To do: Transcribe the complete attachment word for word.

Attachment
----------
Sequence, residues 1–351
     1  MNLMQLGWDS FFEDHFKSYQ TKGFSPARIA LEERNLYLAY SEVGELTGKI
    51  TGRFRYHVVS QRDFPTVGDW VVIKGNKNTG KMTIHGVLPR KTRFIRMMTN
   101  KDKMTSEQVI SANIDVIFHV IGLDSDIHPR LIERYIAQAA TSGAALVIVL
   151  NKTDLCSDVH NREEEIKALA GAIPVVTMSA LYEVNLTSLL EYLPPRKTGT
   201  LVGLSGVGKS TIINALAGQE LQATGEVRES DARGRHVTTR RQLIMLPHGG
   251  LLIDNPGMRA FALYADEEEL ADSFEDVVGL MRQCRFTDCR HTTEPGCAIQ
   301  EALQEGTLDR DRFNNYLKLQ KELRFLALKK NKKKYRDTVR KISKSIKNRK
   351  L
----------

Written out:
Sequence, residues 1–351
     1  MNLMQLGWDS FFEDHFKSYQ TKGFSPARIA LEERNLYLAY SEVGELTGKI
    51  TGRFRYHVVS QRDFPTVGDW VVIKGNKNTG KMTIHGVLPR KTRFIRMMTN
   101  KDKMTSEQVI SANIDVIFHV IGLDSDIHPR LIERYIAQAA TSGAALVIVL
   151  NKTDLCSDVH NREEEIKALA GAIPVVTMSA LYEVNLTSLL EYLPPRKTGT
   201  LVGLSGVGKS TIINALAGQE LQATGEVRES DARGRHVTTR RQLIMLPHGG
   251  LLIDNPGMRA FALYADEEEL ADSFEDVVGL MRQCRFTDCR HTTEPGCAIQ
   301  EALQEGTLDR DRFNNYLKLQ KELRFLALKK NKKKYRDTVR KISKSIKNRK
   351  L